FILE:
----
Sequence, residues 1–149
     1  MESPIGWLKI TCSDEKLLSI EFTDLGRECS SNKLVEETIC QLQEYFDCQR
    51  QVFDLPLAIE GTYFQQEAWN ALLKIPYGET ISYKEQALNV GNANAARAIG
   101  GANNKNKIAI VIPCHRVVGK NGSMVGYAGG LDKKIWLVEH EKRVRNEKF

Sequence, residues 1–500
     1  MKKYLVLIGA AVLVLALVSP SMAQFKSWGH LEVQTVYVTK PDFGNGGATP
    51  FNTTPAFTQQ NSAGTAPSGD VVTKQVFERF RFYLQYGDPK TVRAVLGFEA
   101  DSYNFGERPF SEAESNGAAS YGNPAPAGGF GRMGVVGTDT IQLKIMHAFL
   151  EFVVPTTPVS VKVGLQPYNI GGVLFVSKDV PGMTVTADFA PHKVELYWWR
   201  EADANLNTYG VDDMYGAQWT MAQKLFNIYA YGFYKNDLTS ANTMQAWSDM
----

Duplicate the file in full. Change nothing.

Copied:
Sequence, residues 1–149
     1  MESPIGWLKI TCSDEKLLSI EFTDLGRECS SNKLVEETIC QLQEYFDCQR
    51  QVFDLPLAIE GTYFQQEAWN ALLKIPYGET ISYKEQALNV GNANAARAIG
   101  GANNKNKIAI VIPCHRVVGK NGSMVGYAGG LDKKIWLVEH EKRVRNEKF

Sequence, residues 1–500
     1  MKKYLVLIGA AVLVLALVSP SMAQFKSWGH LEVQTVYVTK PDFGNGGATP
    51  FNTTPAFTQQ NSAGTAPSGD VVTKQVFERF RFYLQYGDPK TVRAVLGFEA
   101  DSYNFGERPF SEAESNGAAS YGNPAPAGGF GRMGVVGTDT IQLKIMHAFL
   151  EFVVPTTPVS VKVGLQPYNI GGVLFVSKDV PGMTVTADFA PHKVELYWWR
   201  EADANLNTYG VDDMYGAQWT MAQKLFNIYA YGFYKNDLTS ANTMQAWSDM